Zad smirked, sipping from the golden goblet, and my father threw his head back, clapping the lord as he laughed loud enough to scare the few guests nearby.
The clenching of my muscles eased, and I released a breath that shook my shoulders. Of course, the lord of the east knew how to play my father like a fiddle, or else he’d likely had lost his lands long ago.
Walking aimlessly, I found Berron and Truin outside by the fountain smoking pipes with some of the guards.
Berron glanced up, offered me a smile, and then emptied his goblet.
My breath sailed out of me, and I rushed forward to grab his chin. “What in the darkness happened to your face?”
He winced, then plucked my hand from his bruised skin. “It’s fine.” Purple and blue surrounded his right eye, and a gash split the middle of his lower lip. “Your betrothed apparently meant it when he warned me not to fuck you again.”
“I’ll rip his—”
“Where is he?” Poppy cut me off.
I barely refrained from sneering at the young guard. “Who?” We all knew who she was referring to, but it would not behoove me to act as though everything revolved around Prince Annoying.
“The Sun Prince.”
“In the wine cellar,” said Garris, joining us. “I saw him head down there as I was trading shifts.”
The urge to ask if he was alone itched like a rash, but I suffered the torment in silence.
They chattered on, discussing who was the best and worst dressed, and who would pair off with whom.
I lasted all of ten minutes before I was excusing myself. “Ladies’ room.”
Berron’s eyes narrowed, and Poppy nodded. Truin merely smiled as I gathered my gown and dragged it with me back inside and through the throng of lively bodies in the ballroom.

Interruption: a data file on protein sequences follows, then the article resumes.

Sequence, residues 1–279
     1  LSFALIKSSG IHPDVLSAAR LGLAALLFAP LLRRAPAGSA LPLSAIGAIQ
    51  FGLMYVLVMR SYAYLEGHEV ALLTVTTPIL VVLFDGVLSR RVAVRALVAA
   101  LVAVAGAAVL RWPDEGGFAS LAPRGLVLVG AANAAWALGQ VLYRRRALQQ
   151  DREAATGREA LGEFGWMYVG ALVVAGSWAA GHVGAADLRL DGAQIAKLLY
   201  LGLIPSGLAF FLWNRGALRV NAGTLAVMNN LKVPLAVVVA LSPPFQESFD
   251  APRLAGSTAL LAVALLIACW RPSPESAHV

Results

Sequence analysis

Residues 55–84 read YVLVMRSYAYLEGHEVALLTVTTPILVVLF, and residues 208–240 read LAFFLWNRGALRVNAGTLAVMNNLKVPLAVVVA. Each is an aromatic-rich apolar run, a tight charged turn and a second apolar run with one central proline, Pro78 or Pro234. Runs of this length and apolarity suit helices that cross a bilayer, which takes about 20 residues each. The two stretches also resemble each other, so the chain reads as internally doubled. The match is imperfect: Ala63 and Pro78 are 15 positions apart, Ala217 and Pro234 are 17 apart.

It trailed behind me as I wound down the halls and breezed past servers and cooks in the kitchens, then down the winding, dusty steps to the cellars as fury and frustration simmered in my veins.
The door clanged shut behind me, alerting Raiden that he had company and also plunging me into darkness. A flicker of light bounced from a sconce below the stairs as I rounded the last row of them and emerged to find the prince sprawled over sacks of grain.
Apparently making my arrival known didn’t deter him or his companion in the slightest.
I coughed, my hands scrunching. The handmaiden giggled while Raiden laid beside her, murmuring something into her ear.
“Ennis, aren’t there guest rooms you should be preparing?”
She froze, then peeked at me beneath Raiden’s arm.
He kept his attention on her, said something that made her laugh again, and then he flopped over to his back, his tunic crumpled, coat on the floor, and his smile casual. “Do you mind? We’re a little busy here.”
Ennis giggled once more, and I couldn’t stop it if I’d tried. My fingers unfurled before I could rearrange my thoughts, suctioning the air from her lungs.
Raiden cursed, eyes no longer playful but wide with shock as he hurried off the sacks of grain and raced to me. “Stop. Now.”
I couldn’t, and I wasn’t sure why. It was blinding, this hatred. This feeling of being defied in the highest order. I was her princess. He was my betrothed. “She laughed at me.”
Ennis’s hands were wrapped around her throat, her eyes twin pools of bloodshot fear.
“I am her princess, your future wife, and she laughed at me.”
“Audra.” Raiden’s hand clasped mine, warm against my cold, but I didn’t let up.
I wrenched away from him and stomped closer, my fingers spreading and forcing air back inside her lungs, but not kindly. No—all at once.
Ennis coughed, sputtering and wheezing as she doubled over onto the floor.
I felt my lips curl as I then stole her oxygen again.
And then a wave of unbearable heat sent my head spinning. I teetered, careening into a hard chest. I blinked as it drifted away, dizzy and disoriented. I was draped over the very sacks of grain the two co-conspirators had laid upon, and when I pushed up on my elbows, my dress fanning around me in waves of red, I came face to face with that of Ennis.
Raiden was handing her a goblet of wine, whispering comforting words as her shaking hand lifted it to her lips. Her eyes were still stained with red, but clear. Clear but saturated with horror as she stared at me.
“It would serve you well to quit looking at me like that, or I might just end your existence.”
Raiden sighed, then stood and helped Ennis to do the same.
The way he was helping her, soothing her when she’d conspired against me and insulted me encouraged the rage to climb back to the surface.
As if he knew, he hurried her to the stairs. “Return to work and speak nothing of what you saw and experienced here.”